Most of us are quite familiar with virtual reality (VR), as well as augmented reality (AR). After all, both industries are worth billions of dollars, and are only expected to continue growing at an exponential rate. But what about mixed reality (MR)?
You should be, says Accenture Interactive managing director for Australia and New Zealand Michael Buckley. “The 2000s were all about mobile,” he says. “Now we’re in mixed reality and leading services.”
Accenture New Zealand managing director for health and public services Mary-Anne McCarthy says mixed reality can best be described as wearing a headset or other smart technology and receiving real-time information that appears as a heads-up display (HUD) as you move around a space, such as your home or a business. She admits it all sounds pretty science-fiction-y, but it goes far beyond augmented reality – and will only become more common as tech gets smaller and more ubiquitous. “With augmented reality you might see a dashboard or data in your [social media] feed, but mixed reality is very context-specific,” she explains, adding it’s “where we’re at.”
Another example of mixed reality, McCarthy explains, would be a doctor at a hospital wearing a headset that allows them to see what an emergency responder sees at the scene of an emergency in another part of town. The doctor could then give the emergency responder voice instructions for how to take care of the patient, such as what to do if they were going into cardiac arrest. Or, McCarthy says, mixed reality could allow people to “beam in” to remote, hard-to-reach or dangerous locations like deep-sea oil rigs in the Arctic Ocean. This could make things not only safer, she explains, but “it’s a massive cost savings in terms of travel and time.”
High-tech as all this sounds, it also might sound like it’s pretty far off in terms of being an everyday technology we interact with. But Buckley claims it’s not. “Mixed reality is not a fad,” he says. “Everything’s moving so quickly. The pace of innovation is faster than ever before.”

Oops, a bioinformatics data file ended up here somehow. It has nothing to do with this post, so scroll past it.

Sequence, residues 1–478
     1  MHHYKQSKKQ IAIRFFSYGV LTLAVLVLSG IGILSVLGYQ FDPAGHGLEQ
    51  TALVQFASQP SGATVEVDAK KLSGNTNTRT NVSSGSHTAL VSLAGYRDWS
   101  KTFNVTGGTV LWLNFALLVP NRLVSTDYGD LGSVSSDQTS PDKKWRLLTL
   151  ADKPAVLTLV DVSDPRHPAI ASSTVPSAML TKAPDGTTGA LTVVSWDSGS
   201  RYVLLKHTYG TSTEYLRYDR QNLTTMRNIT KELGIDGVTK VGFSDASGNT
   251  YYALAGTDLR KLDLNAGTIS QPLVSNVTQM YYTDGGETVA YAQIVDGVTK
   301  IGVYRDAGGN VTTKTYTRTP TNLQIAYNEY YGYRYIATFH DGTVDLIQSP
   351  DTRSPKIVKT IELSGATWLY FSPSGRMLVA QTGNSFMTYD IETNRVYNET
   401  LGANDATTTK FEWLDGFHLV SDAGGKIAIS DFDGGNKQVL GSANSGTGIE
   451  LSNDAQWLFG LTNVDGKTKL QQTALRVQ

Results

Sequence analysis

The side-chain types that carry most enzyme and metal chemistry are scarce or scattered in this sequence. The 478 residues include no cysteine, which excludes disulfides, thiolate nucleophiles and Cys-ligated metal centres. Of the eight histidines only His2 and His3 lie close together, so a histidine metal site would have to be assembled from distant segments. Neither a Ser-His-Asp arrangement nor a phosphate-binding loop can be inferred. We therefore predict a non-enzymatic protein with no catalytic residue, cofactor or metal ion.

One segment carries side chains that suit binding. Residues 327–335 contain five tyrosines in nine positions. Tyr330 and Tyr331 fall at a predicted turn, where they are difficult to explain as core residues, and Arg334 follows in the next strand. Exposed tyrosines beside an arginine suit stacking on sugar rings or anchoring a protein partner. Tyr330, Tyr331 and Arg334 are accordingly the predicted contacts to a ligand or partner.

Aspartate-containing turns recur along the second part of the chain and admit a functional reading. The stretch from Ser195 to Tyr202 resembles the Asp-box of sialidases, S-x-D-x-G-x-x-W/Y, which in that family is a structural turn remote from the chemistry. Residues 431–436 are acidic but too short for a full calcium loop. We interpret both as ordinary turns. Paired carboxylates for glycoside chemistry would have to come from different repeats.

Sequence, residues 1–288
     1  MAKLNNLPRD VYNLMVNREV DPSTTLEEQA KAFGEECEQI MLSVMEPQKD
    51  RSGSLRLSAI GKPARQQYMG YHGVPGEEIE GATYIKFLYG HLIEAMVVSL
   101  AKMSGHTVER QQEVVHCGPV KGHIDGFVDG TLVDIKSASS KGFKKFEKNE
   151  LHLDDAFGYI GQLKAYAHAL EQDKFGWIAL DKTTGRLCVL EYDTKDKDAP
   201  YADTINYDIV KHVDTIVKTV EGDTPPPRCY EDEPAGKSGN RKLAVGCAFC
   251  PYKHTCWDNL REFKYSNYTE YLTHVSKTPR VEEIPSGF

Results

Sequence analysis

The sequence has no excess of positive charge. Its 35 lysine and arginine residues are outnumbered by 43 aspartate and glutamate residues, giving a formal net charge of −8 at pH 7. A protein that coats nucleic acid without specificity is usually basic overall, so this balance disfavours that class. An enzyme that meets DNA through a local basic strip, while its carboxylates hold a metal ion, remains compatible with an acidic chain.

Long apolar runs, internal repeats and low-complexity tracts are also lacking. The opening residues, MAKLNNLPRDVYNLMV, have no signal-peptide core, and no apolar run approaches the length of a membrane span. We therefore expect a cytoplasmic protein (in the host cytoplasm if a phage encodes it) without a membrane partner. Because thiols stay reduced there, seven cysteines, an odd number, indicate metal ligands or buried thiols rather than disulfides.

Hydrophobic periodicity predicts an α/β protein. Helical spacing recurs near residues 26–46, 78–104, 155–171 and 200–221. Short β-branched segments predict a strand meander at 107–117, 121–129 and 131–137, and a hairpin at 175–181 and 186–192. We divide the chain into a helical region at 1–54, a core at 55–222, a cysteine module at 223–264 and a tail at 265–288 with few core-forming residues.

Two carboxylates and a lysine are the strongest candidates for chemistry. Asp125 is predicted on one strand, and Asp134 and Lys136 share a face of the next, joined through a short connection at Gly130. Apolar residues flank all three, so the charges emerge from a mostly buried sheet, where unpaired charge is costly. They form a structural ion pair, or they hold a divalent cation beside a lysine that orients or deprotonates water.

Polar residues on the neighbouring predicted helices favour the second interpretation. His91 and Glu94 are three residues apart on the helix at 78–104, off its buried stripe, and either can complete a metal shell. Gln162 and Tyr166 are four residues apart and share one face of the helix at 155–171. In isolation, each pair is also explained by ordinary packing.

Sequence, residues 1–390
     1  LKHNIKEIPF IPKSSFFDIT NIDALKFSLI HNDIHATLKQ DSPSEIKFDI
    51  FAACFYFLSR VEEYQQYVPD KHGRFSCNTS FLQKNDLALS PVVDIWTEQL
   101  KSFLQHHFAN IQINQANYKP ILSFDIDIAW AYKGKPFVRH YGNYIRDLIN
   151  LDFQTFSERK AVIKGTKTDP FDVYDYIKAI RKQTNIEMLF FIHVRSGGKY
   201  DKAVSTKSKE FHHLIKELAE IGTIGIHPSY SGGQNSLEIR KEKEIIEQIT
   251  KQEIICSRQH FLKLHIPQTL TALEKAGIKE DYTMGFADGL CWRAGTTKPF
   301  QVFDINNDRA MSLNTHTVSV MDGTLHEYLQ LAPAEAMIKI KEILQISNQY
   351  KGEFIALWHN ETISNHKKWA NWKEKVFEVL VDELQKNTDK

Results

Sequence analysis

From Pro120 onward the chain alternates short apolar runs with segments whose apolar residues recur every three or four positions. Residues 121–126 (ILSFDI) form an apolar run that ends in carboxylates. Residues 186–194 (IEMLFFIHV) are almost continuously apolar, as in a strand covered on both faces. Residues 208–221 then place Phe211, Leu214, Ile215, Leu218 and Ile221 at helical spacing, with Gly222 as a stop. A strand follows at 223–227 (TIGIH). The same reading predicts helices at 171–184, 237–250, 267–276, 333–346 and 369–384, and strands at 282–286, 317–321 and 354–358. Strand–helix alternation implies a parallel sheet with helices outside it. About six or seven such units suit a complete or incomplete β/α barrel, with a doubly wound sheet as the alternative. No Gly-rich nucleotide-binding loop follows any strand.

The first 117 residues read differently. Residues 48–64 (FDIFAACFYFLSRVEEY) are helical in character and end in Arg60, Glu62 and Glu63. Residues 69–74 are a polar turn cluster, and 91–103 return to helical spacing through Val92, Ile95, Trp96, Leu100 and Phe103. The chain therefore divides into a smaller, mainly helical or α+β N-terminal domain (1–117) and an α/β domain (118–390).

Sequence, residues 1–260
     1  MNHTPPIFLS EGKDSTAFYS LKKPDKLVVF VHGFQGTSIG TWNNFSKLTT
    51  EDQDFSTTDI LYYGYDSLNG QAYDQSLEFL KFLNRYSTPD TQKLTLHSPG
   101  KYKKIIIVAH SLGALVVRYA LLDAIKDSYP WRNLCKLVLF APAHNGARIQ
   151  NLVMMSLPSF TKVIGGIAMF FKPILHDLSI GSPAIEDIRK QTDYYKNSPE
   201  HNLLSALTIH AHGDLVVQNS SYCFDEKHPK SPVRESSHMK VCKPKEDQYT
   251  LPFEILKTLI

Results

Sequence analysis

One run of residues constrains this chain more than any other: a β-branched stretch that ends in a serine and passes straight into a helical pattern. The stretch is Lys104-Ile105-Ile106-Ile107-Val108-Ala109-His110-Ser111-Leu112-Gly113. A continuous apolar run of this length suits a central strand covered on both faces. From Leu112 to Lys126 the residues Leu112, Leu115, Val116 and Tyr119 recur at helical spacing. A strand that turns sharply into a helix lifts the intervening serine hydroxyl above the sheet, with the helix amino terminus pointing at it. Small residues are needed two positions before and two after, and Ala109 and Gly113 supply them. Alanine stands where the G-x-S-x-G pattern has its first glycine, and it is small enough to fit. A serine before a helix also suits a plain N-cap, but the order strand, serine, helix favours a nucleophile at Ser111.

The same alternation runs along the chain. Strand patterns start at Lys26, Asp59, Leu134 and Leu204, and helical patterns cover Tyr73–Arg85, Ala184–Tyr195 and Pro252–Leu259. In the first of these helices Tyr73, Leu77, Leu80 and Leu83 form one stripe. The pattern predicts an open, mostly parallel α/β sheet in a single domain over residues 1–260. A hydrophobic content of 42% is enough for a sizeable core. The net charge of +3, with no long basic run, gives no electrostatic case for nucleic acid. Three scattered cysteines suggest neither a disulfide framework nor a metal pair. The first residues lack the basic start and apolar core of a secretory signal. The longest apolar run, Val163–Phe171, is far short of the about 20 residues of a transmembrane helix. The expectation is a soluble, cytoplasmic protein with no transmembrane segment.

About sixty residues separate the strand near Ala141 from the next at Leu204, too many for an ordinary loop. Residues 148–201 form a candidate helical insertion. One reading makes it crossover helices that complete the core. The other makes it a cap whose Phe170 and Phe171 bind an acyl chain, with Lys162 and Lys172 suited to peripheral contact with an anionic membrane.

In fact, Buckley says mixed reality could begin to become ubiquitous in as little as 12 months, because companies are beginning to realise how they’re already being disrupted. “Boards are finally up for the change. Everyone’s getting disrupted.”
Buckley and McCarthy also point out how Accenture is getting on board. They point out that the company acquired Chaotic Moon Studios, a creative technology studio that creates and develops user-centered experiences and works with mixed reality and melding products and services, in July 2015. “We’re now putting product design up front,” says Buckley.
Having a strong design for mixed reality is important for customer experience, Buckley explains, because the industry is still growing. “If it goes too quickly without improving customer experience, we could go back to the 80s [in terms of lack of integrated technologies].”
But overall he says he’s positive about the direction things are heading. “It feels as though we’ve got the data, we’ve got the analytics, we’ve got the broadband speeds. Now it’s just the hardware.”
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